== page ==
You know how gardening improves your mood? Now there may be a scientific explanation for it. Soil makes you happy. And healthy. And smart.
Today’s sterile world may be adding to a whole list of diseases and health conditions.
As the old saying goes, “You need to eat a peck of dirt before you die”.
There are bacteria that are bad for us, of course, but also plenty of bacteria that are good for us, even necessary for health. Natural healthy soil is teeming with both. Mycobacterium vaccae, it turns out, is one of the good ones that’s common in soil and seems to have a positive effect on mood. M. vaccae, when it finds its way into humans (which it does orally, through open cuts or, more likely in adults, by being inhaled) stimulates neurons that produce the neurotransmitter serotonin. Increased availability of serotonin is how the antidepressant drugs known as SSRIs (including Prozac, Paxil, Zoloft) work.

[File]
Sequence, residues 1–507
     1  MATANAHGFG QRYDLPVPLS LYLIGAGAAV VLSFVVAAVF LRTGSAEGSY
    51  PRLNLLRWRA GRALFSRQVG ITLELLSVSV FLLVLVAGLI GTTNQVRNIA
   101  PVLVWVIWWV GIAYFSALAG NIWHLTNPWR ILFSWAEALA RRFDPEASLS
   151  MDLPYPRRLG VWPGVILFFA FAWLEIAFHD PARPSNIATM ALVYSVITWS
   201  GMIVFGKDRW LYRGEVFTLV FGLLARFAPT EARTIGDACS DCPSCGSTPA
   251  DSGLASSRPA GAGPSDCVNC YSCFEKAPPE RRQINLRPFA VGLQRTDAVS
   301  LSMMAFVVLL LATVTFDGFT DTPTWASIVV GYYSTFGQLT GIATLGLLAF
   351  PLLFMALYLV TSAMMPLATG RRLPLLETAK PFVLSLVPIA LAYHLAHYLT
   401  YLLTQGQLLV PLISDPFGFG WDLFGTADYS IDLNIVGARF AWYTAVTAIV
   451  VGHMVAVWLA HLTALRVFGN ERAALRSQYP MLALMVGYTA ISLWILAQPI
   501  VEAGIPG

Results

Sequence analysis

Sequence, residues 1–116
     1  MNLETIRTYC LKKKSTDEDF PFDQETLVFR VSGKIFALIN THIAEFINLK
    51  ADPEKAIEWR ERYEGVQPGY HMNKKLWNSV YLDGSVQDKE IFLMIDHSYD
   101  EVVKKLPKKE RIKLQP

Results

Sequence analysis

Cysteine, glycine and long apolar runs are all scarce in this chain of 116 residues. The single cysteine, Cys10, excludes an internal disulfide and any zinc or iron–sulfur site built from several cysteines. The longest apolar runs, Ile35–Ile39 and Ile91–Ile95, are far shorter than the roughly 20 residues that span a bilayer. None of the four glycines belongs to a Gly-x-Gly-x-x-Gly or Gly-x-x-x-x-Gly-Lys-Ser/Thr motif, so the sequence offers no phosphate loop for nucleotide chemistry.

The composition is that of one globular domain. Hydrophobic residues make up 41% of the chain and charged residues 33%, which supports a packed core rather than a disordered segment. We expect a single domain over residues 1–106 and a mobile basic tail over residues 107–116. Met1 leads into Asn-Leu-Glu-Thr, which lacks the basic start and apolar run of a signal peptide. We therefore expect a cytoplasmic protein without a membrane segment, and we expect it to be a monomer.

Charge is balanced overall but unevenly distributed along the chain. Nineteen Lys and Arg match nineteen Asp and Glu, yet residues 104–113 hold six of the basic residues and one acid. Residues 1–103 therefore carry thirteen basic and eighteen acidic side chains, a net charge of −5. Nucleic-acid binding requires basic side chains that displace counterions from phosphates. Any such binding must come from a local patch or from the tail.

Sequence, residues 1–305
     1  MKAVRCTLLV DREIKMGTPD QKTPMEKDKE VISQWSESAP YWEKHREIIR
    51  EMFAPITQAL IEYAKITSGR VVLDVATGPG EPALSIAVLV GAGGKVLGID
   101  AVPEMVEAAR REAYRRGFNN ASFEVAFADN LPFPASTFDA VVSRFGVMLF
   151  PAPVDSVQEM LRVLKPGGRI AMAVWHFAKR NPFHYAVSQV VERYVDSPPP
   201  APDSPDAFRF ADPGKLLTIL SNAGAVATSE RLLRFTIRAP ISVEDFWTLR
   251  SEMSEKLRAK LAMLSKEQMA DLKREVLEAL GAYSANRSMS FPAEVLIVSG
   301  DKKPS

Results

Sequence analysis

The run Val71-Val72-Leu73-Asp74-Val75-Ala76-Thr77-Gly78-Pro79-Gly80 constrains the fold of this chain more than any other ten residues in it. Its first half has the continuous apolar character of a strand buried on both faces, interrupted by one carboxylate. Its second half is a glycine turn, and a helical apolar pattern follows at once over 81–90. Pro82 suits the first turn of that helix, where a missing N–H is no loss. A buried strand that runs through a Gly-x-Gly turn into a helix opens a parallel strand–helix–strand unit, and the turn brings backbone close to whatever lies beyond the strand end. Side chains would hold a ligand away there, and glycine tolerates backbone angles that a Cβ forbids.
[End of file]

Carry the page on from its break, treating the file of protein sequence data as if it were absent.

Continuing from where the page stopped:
M. vaccae is suspected of being quite the little wonder bug. It is under investigation as a treatment for cancer, Crohn’s disease, rheumatoid arthritis, asthma, psoriasis and eczema. Interestingly, these diseases have all risen in prevalence in the twentieth century, alongside the shift away from farm work to indoor work away from nature.
Most recently, a study with mice has indicated that the bacterium increases ability to learn.
Smarter, healthier, happier… we didn’t need more reasons to garden, but it’s kind of nice to have them.
M. vaccae, the happy-making bacteria.